Talking Points for US Dollar Technical Forecasts:
- The DXY Dollar Index has made its way into the smaller two-week trading range since February 2020
- A technical break seems inevitable, but momentum after clearance depends more on market conditions than on direction or spark
- A path of least resistance breakout for the dollar would benefit a range like EURUSD while the assumptions of a bullish dollar charge in a GBPUSD reversal
Technical forecast for the US dollar: bearish
The US dollar is ready for a technical breakout. Such a scenario naturally arouses a lot of enthusiasm, but identifying such scenarios is the least important factor in an effort to negotiate around such a scenario. Of course, leadership is also critical, but the criteria for determining a break can help account for this factor. The tracking potential is much more difficult in the equation. The market conditions that dictate the general pace of the financial system as a whole go much further in this direction, but they can be difficult to assess for many because they are usually not inherent in a single asset. With seasonality expectations corresponding to low volume and more open interest in the markets, we are swimming in conditions where it is probably difficult to establish a trend. This weighs on my assessment of the sequel. For the staging, the DXY Dollar Index is showing signs of an impending breakout. The range that the benchmark has widened over the 10 trading days up to Friday’s close is the smallest as a percentage of the spot since February 2020.
DXY Dollar index chart with 20 and 100 day moving averages (daily)
Considering the levels, the rise is defined by a descending trendline of peaks starting with the November 2020 high and continuing to a current price of 92.80 which also happens to be the congestion high of the two. last few weeks. It is not the most robust barrier, but it does carry the implications of a larger bullish effort which could register as a serious effort of very obvious trend reversals for EURUSD, GBPUSD and AUDUSD. . Keep in mind that the DXY is a trade-weighted index and most trades are placed on crosses with somewhat different technical structures. On the immediate downside, trendline support dates back to June 17e and is supported by the 20 day moving average in a 92.20 to 92.30 area. A break in that direction would be the path of least resistance. That doesn’t necessarily make it more likely, but the follow-up might be easier to favor in a bearish move if it does.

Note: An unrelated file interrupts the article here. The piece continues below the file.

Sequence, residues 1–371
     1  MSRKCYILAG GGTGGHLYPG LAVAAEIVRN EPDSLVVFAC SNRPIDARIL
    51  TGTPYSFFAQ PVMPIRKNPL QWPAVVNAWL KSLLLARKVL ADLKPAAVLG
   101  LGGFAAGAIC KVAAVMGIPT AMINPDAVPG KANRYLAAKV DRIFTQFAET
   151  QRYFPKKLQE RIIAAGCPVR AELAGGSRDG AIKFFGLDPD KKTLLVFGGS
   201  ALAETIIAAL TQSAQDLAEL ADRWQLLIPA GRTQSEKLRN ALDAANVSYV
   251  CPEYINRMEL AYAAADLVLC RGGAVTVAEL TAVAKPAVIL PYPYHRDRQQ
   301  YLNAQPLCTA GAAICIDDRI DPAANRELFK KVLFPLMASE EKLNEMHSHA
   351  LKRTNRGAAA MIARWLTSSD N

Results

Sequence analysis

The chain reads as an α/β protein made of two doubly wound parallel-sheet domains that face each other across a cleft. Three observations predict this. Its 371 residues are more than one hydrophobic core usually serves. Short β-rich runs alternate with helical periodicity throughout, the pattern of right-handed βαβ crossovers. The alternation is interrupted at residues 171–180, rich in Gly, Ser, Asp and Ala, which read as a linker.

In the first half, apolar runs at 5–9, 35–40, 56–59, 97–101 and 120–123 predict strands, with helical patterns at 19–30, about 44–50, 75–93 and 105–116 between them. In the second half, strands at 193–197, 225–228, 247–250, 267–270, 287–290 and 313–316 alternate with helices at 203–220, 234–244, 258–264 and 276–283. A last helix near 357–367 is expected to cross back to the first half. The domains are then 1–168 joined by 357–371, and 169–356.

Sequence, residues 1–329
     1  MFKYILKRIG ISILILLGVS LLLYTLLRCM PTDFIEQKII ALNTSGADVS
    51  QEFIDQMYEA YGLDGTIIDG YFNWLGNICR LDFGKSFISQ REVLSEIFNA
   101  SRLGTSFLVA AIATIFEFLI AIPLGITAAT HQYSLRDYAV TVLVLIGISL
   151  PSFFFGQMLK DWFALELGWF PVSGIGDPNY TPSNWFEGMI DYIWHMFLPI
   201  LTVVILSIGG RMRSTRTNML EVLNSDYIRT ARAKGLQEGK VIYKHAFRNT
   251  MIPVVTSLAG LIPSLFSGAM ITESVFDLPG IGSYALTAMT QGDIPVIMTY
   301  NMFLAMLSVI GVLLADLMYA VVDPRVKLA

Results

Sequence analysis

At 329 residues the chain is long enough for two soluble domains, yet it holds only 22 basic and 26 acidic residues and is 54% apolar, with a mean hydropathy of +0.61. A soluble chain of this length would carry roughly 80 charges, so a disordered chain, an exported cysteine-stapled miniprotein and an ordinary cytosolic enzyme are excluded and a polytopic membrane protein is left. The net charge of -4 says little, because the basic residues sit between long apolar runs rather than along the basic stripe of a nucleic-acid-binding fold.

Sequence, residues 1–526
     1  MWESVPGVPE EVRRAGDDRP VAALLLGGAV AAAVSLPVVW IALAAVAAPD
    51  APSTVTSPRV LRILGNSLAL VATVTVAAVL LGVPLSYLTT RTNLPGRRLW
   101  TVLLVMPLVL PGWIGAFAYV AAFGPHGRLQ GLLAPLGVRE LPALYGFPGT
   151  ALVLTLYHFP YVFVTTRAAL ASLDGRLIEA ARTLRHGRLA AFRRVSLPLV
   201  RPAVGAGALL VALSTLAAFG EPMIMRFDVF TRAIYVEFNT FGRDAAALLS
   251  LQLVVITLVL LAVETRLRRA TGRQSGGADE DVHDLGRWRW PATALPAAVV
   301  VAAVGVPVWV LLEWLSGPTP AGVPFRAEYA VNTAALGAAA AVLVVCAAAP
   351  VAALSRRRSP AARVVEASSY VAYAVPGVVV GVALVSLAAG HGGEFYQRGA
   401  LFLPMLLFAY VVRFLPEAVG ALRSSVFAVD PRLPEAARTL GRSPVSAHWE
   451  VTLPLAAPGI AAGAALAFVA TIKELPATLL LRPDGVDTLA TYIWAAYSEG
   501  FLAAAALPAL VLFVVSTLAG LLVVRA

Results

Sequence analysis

DXY Dollar Index chart with moving average over 120 periods (4 hours)
By taking a minute to look at the big picture to mark the most important milestones, the drag on succession is more easily appreciated with a monthly chart. At this scale, the bullish breakout would be the path of least resistance, but it would again be 90/89 which is the support built over the past six years and the 38.2% Fib of the range over the past 35 years.
DXY Dollar Index Chart (Monthly)
Highlighting a specific dollar cross is difficult. There are very provocative charts among the majors. EURUSD looks more appealing to me given its mirror image of DXY and should it maintain its wider range with a breakout above 1.1850 on the way to the notion of least resistance. For a pair that is best staged for the dollar defying the odds and trying to gain momentum on an uptrend, the GBPUSD breaking 1.3750 as an ascending triangle or head and shoulder neckline support is attractive, just as the AUDUSD tries to put the momentum behind its H&S break established since last month. There is a lot of fundamental baggage about these pairs, however. If I was looking for a pair that could move back into the range and still have the loaded image of the DXY itself, that would be the USDJPY. The pullback from 111.50 turned into the breakout of 2021 trendline support and now a head-and-shoulders pattern following is a picture under pressure. However, he still has to muster his conviction with a break of 109.50.
USDJPY chart with 100 day moving average, Spot-MA disparity and COT positioning (daily)
Given the speculative positioning, it looks like interest across the various dollar-backed futures contracts expects a bullish breakout to come in the coming weeks. At the end of last week, the speculative rank moved to a net long position behind the greenback for the first time in just over a year. This should not be taken as a serious conviction, however. There have been a few notable hiccups on the overall course at critical technical points for this crowd over the past few years. No one has a crystal ball, whether it is an individual or a group.
DXY Dollar Index chart overlaid with speculative net positioning on USD futures (weekly)
Chart created by John Kicklighter using CFTC TOC data